Yerupajá Sur, South Face; Rondoy, West Face; Rasac and Anco-cancha. Rab Carrington and I left Chiquián in late May for Base Camp at Jahuakocha. After several days of acclimatizing, we walked up the Quebrada Huacrish and bivouacked below Ancocancha Norte (18,528 feet). On June 3 we climbed this by the arête that drops to the Quebrada Huacrish on the north-northwest side. Our prominent rib lies well left of the line of the Argentines in 1964. On June 7 we approached the unclimbed south face of Rasac (19,817 feet) via Rasackocha and the next day started up a central line. The first day gave us eight pitches of very technical difficult climbing. We bivouacked a third of the way up the face. The second day was easier ice and snow climbing with a few difficult pitches at the end, when the snow turned to very loose powder. That night the weather turned bad with snow showers and spindrift. The third day, after four or five pitches, we reached the top and descended onto the Yerupajâ Glacier and so back to Base Camp. After a brief rest, we turned to the west face of Rondoy. Having seen two massive avalanches cascade down the main part of the face, we decided that the safest line of ascent would be the west ridge, which bounds the left side of the face. On June 15 we headed for the col between Cerro México and Rondoy, which we reached after four hours. The next day, in doubtful weather, we climbed the buttress leading onto the west ridge and bivouacked in a bergschrund at the foot of the ridge. In the morning we discovered that snow mushrooms made the ridge nearly impossible but that we could climb just to the left of the ridge. That evening we continued in falling snow and managed to find a slot in the ice in which to take shelter. The slot was just under the cornices which guard the exit to the col joining the north and south peaks. On the 18th we climbed out onto the col. Knowing the extreme difficulty of the descent, we climbed only the north peak (19,095 feet), the lower of the two. Then ensued a five-hour traverse of the corniced, be-mushroomed ridge which, to say the least, was unstable. We eventually descended the east face, climbing down the 1963 English ascent route. On June 30 we once again left Base Camp and headed up Rasackocha, crossed Col 5129 and dropped to Seriakocha, where we spent the night. The next day, a short one, we crossed Col 5004 to Sarapokocha and headed north to bivouac below our next objective, the 4250-foot unclimbed south face of Yerupajá. On July 2 we set off at four A.M., crossed the glacier and reached the foot of the face at dawn. We followed a line directly up the centre of the face, reaching and bivouacking in the rock band that night. The following day we continued through the rocky section before finally being forced to exit onto the southeast ridge which we followed to the summit of Yerupajá Sur (21,375 feet). After bivouacking just under the summit, we started our descent in practically nil visibility, reversing the normal route on the west face.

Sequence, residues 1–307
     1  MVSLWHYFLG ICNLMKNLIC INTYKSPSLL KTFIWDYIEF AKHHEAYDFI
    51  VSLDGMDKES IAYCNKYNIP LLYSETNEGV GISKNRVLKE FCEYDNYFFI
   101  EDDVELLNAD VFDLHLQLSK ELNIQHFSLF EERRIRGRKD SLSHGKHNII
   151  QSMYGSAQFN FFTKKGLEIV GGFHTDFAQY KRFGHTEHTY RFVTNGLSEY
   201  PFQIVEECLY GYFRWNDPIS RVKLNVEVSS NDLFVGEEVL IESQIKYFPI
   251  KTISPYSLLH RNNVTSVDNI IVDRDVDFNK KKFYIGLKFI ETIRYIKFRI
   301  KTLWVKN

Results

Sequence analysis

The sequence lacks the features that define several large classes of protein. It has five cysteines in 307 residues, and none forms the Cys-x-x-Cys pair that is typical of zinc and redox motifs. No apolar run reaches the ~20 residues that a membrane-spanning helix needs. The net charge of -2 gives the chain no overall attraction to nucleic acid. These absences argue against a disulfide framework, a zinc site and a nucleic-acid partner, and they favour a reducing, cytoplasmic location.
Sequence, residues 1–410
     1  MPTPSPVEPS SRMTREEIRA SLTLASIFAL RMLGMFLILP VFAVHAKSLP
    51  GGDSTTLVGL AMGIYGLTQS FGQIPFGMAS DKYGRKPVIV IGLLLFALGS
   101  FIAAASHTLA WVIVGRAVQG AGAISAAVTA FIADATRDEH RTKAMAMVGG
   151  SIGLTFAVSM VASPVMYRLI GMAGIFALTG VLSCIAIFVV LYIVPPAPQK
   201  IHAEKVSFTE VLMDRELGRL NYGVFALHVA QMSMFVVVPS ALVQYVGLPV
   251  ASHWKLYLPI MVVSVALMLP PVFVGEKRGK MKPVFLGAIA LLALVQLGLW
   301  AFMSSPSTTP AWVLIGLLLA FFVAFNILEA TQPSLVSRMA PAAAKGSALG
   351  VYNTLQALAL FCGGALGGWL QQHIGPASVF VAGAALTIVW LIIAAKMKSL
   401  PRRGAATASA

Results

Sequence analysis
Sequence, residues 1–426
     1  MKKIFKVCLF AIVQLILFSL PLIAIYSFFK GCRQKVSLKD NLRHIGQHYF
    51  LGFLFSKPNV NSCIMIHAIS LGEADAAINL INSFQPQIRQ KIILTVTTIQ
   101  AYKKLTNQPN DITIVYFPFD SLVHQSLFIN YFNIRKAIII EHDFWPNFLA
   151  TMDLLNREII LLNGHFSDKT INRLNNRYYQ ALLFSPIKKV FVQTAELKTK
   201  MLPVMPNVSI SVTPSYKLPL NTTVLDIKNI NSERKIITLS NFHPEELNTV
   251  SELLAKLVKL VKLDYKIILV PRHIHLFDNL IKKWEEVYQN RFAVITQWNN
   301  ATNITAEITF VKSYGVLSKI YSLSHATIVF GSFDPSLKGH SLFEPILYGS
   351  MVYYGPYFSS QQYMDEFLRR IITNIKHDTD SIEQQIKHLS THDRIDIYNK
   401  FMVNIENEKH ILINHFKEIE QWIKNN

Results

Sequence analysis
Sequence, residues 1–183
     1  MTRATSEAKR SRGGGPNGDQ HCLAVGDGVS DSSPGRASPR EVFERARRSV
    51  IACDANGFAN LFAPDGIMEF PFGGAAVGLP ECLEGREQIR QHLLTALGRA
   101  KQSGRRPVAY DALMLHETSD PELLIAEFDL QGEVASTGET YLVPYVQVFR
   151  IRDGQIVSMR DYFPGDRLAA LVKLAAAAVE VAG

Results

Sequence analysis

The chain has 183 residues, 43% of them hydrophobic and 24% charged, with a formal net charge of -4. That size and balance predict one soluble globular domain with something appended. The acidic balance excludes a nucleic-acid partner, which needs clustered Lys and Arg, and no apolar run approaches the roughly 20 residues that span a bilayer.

Alan Rouse, Alpine Climbing GroupSSS